Actually 1 Take today. But more to follow.
Here are several facts.
- “Kāua i ka Huahua’i” is understood to be a love song by Prince William Pitt Leleiohoku.
- The earliest known printed version of the songʻs lyrics is in the book Ka Buke Mele o Na Himeni Hawaii, compiled by Edward C. Holstein and published by the Hawaiian News Co. in 1897. [This volume was reprinted in facsimile by Bishop Museum Press in 2003.]
- The earliest known printed sheet music notation is by Bergstrom Music Co. in Honolulu. The copyright date on the sheet is 1903.
- The earliest identified sound recording at this writing is by the William Ellis Glee Club, on the Victor Records label, and dated 1904. I have not heard this recording, and queries to record collectors so far have been fruitless.
- The earliest recording of this song that I have heard dates from 1913, by the Hawaiian Quintette. Walter Kolomoku is identified as the vocalist. Released on Victor Records (65339), the recording is now accessible on the Library of Congressʻ National Jukebox. Here is a link:
Note three observations:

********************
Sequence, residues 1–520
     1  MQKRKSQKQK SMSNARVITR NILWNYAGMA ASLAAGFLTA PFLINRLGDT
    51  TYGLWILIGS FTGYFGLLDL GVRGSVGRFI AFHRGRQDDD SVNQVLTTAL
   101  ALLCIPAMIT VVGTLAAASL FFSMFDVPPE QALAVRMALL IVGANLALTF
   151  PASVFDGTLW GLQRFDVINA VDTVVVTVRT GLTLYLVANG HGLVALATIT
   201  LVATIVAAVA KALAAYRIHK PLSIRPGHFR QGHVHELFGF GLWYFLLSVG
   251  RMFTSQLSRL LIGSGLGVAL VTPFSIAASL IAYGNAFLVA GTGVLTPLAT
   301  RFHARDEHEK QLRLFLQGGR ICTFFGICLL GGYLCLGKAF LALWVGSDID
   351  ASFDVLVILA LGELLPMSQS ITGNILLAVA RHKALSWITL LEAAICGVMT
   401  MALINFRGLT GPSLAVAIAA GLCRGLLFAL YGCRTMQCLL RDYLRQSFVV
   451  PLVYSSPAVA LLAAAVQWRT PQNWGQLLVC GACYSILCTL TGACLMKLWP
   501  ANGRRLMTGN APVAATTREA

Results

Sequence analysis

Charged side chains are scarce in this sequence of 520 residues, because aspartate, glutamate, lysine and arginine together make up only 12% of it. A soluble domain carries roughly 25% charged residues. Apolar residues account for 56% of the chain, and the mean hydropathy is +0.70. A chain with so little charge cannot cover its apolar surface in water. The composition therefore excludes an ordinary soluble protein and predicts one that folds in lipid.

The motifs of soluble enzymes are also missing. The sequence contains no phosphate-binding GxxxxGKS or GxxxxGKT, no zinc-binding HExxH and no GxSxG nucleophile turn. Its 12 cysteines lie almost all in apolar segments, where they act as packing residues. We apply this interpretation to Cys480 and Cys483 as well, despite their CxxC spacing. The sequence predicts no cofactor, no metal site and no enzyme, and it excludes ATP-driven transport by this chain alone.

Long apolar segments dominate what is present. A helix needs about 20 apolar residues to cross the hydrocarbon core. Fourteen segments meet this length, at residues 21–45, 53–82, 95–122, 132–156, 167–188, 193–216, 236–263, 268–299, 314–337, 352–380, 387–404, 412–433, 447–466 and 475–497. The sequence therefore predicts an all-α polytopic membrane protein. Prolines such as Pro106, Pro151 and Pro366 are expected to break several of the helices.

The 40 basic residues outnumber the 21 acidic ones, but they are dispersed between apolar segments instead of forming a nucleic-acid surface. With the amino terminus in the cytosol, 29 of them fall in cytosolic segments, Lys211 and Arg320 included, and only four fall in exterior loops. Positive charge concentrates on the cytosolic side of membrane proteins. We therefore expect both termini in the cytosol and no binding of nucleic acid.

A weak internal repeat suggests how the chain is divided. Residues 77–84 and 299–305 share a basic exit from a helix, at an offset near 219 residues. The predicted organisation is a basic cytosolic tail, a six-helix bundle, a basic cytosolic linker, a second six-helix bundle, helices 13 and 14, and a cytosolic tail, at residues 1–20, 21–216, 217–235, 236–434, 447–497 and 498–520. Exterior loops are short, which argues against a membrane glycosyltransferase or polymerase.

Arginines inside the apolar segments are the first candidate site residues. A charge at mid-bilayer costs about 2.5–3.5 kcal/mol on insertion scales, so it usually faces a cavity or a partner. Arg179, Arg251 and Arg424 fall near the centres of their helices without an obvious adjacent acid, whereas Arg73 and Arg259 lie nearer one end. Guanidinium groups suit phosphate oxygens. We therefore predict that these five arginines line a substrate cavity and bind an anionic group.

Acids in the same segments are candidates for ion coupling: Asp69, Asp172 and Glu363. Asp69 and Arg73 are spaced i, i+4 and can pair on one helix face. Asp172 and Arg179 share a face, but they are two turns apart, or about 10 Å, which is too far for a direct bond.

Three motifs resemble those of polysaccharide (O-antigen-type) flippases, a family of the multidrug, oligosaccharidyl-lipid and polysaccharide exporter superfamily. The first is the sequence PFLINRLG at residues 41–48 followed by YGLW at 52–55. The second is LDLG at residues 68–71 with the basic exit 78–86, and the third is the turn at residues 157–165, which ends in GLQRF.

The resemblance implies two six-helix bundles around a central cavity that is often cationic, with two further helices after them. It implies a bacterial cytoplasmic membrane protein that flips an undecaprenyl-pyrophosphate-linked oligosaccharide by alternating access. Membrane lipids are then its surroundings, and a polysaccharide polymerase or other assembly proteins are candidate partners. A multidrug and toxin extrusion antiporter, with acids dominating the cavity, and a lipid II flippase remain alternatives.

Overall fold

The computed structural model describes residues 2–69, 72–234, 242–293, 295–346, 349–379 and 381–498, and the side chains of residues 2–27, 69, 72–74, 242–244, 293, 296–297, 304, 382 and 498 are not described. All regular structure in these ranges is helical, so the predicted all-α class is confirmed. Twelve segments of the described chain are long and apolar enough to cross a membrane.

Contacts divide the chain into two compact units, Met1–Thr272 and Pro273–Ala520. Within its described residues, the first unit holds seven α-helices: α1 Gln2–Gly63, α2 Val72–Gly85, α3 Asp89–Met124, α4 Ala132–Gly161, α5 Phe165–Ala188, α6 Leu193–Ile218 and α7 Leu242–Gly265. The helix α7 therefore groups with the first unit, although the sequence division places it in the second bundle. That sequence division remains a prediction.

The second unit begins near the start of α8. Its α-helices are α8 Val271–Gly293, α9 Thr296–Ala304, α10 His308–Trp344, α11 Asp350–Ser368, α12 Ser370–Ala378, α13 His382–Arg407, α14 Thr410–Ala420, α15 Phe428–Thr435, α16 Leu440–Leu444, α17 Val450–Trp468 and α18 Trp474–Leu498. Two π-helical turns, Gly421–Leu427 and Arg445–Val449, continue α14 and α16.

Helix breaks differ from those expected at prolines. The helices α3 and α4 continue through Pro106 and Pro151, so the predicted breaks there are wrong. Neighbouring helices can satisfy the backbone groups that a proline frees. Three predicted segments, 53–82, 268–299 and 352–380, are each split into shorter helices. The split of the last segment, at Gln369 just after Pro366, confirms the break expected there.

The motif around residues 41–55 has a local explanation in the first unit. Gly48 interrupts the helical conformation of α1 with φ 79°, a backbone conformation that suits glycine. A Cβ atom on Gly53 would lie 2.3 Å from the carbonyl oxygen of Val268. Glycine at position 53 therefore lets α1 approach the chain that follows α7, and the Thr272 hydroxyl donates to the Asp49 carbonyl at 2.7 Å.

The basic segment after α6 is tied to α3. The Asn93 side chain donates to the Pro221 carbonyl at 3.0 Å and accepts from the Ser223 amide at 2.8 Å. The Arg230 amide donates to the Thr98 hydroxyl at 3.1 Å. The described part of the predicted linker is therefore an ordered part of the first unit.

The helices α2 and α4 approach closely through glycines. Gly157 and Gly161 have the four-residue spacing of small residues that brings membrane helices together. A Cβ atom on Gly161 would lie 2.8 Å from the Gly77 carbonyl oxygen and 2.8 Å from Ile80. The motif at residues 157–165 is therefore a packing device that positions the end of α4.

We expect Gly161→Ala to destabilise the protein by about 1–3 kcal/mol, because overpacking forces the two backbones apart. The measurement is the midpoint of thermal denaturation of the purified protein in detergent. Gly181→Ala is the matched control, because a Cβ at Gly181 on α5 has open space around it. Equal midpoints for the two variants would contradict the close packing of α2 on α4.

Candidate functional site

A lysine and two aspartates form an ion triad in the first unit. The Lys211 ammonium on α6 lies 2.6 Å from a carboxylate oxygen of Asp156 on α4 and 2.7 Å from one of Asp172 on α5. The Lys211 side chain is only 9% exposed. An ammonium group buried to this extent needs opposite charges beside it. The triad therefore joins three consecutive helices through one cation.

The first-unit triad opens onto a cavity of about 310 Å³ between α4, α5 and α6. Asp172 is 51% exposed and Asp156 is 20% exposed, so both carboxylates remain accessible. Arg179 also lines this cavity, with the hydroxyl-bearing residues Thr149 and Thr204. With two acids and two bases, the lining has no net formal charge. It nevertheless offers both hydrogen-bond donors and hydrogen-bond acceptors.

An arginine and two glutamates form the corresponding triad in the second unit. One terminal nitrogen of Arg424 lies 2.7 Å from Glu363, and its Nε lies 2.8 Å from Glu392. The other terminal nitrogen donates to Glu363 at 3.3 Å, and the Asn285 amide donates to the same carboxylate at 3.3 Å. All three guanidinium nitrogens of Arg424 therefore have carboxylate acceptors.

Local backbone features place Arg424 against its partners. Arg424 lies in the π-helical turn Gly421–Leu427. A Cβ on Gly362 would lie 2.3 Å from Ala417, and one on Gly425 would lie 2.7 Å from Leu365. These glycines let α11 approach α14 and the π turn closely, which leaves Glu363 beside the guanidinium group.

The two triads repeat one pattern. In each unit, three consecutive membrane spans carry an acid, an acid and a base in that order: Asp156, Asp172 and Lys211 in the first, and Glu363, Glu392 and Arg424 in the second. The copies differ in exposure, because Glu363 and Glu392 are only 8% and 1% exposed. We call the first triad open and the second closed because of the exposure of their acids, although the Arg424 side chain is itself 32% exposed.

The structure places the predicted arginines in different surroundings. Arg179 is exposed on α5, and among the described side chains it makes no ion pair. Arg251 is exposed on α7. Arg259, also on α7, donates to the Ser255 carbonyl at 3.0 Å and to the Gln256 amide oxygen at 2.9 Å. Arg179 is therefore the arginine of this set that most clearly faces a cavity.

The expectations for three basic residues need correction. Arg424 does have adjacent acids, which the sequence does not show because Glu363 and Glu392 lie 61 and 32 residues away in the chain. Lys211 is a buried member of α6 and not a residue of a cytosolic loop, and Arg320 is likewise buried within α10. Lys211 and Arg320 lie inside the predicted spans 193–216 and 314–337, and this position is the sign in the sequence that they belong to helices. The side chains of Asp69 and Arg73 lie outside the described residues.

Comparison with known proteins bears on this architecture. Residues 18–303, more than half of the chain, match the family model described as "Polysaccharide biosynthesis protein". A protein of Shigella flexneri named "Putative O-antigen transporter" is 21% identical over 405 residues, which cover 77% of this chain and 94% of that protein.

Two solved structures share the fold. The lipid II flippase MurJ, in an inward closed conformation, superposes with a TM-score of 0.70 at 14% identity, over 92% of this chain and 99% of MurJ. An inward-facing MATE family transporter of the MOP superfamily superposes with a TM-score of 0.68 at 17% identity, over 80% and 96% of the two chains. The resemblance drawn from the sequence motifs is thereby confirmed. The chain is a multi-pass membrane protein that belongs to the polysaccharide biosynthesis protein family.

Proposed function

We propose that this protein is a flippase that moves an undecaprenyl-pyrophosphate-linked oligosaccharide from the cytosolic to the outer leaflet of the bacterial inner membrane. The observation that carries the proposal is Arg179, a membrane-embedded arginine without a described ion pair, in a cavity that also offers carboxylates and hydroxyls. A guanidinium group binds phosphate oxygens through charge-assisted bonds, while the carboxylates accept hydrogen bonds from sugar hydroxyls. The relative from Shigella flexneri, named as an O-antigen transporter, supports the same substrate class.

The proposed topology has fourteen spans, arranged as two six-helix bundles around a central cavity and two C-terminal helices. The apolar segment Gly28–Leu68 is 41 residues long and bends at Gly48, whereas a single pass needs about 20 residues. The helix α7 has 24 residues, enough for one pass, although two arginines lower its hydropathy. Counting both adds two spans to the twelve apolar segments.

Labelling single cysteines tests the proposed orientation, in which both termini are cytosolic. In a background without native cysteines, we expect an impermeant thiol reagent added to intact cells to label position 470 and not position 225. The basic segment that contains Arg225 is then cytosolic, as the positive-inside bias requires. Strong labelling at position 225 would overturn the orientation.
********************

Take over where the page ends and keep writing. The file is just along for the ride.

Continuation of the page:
- The tempo is not wedding-march slow. It is uptempo.
- The verses and the chorus share the same melody.
- The “Auē kāua” [or “Auē ta-ha-u-a-la”] refrain is not present. That gets added when the song is repackaged as “Hawaiian War Chant.”
There is another recording, from 1916, featuring a duet by Horace Wright and Rene Deitrich. Aside from the fact that their names do not sound Hawaiian, I donʻt know anything about these singers. But interestingly they also recorded songs like “Pua Mohala” and “Lei Aloha” with Hawaiian-sounding pronunciation (albeit without ʻokina-s). “Kāua i ka Huahua’i” is the first song in a medley of three songs. They only sing the first verse. The ʻukulele strumming is at the same tempo as what follows: “My Hawaiian Maid.” “My Honolulu Tom Boy,” and a repeat of the first verse of “Kāua i ka Huahua’i.”
Listen here: http://www.loc.gov/jukebox/recordings/detail/id/5189
Many people presume that Palani Vaughanʻs 1970 recording of the song as a slow ballad represents the “original” conception of the song. These two recordings from The National Jukebox from 1913 and 1916 testify to an uptempo singing of the song.